What if, during a particularly stressful day at work, you could just take off for lunch, grab a nice hot chocolate and head down to the Grand Parade for a peaceful skate on Halifax’s only downtown skating rink? It could happen, only not as soon as some would hope.
Though plans for the installation of a skating rink in the Grand Parade are still alive and well, the project is taking longer than expected, says Paul MacKinnon, executive director of the Downtown Halifax Business Commission. The project began in late 2003.
“We met with a couple of the city staff and the guy who had done the design of the Grand Parade to talk about whether a rink would be feasible,” says MacKinnon. “As it turns out, the quick and easy way of flooding we had initially thought of wasn’t feasible.”
MacKinnon believes the logistical problem with the site—a four-foot drop-off slope in the surface—will be solved and city council will approve of the operation by next winter. MacKinnon has met individually with several city councillors and held private meetings with city staffers—both positive signs. But rushing ahead with plans for a rink this year “would be like putting the cart before the horse,” says MacKinnon.
“The next step is to find out if there is a way, by using some additional infrastructure, to put a skating rink in there. The answer is yes.”
The interest in outdoor skating rinks in Halifax seems to be on the rise. Parks Canada has received a proposal from private businesses to put a skating rink on the Garrison Grounds, says Tanya Taylor White, PC’s marketing and communications manager. The proposal is under review and a decision is expected in the next few weeks.
MacKinnon doesn’t believe another rink will slow down the preparations for the Grand Parade rink, unless the Garrison Grounds rink also requires funding from the city. “In terms of usage, there is enough demand,” says MacKinnon.
In order to effectively draw up plans for a rink in the Grand Parade, city council has approved the creation of a management plan. The report, to be drafted by the Capital District of Regional Planning in conjunction with an exterior consultant, and expected to be completed by fall, will lay out how the Grand Parade should be used year-round and include construction drawings of the rink.
MacKinnon says he “will be working with the consultant and encouraging him to recommend that the entire Grand Parade—between the Cenotaph and City Hall, which includes the city councillors’ parking area—be converted into a skating rink for the months January through April.”
The issue of the parking area, which has raised some concern with several city councillors, has been an unfortunate political obstacle, says MacKinnon. “No one is saying that the councillors shouldn’t get free, accessible, close-by parking. But it’s tough to say that they should park in this great civic space when they own a parking lot across the street.”
Jeff Bray, the city planner charged with overseeing the Grand Parade management plan, thinks communication is key. “I think it’s important to consult external stakeholders”—like Parks Canada, Saint Paul’s Church and the Heritage Advisory Committee—“because everyone has a vested interest in the site and many of them use it on a daily basis, such as Saint Paul’s. So their concerns should be addressed and we need to keep them up to speed on what we’re proposing.”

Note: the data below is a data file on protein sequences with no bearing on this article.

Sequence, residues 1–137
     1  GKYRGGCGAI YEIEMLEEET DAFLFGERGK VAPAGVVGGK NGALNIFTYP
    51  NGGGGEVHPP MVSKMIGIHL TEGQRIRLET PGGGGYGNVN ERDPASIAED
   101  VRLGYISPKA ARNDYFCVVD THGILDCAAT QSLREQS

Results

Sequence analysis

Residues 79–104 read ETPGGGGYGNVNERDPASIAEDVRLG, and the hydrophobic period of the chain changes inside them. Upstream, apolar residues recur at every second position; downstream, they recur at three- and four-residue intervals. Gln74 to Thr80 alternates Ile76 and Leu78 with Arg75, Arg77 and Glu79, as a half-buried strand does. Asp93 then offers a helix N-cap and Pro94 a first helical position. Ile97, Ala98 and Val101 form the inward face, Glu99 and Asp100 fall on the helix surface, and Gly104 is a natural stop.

The plan could not come at a better time, says Bray. “Given all the interest in the Grand Parade lately, this is a very timely project, because it will address a lot of concerns that have coincidentally come up and hopefully create a sense of closure. And I think it’s important to direct how this space—which I think is one of the most historically important public spaces in Canada—should be looked after for years to come.”
Though the management plan isn’t complete, MacKinnon estimates the startup cost of the rink will be in excess of $100,000. The DHBC will be approaching corporate sponsors, as well as the Halifax Regional Municipality, to help fund the project. “There are opportunities for someone to be involved and get recognition for their corporation or brand,” says MacKinnon. “We don’t have any on board officially yet, but we’ve had some interest from some companies.”
The rink’s close proximity to the Metro Centre makes it the perfect venue for Moosehead practices, says MacKinnon. But he’s also trying to stay modest. “We aren’t going to be charging admission,” he says. “It’s not going to be a moneymaker. We don’t want to have boards with all these corporate sponsorship ads around it. We want to do something classy.”
While he believes the management plan is a good idea, Bray also states that there is always the possibility that the Grand Parade site will not work out. “It’s a work in progress,” he says. “By the end of the study, it may turn out that the Grand Parade isn’t the best site downtown for a rink. There are no definites at this point. They may find that there’s another location within the downtown for skating for many reasons.”
But most of Halifax has its heart set on the Grand Parade anyway, says MacKinnon.“We’ve had a lot of calls from people saying, ‘That’s a great idea. How could I help?’ Or just calling to ask, ‘Is it happening this winter?’ But I don’t think we’ve ever had anyone say it’s a bad idea. Everyone we’ve talked to has been pretty supportive.”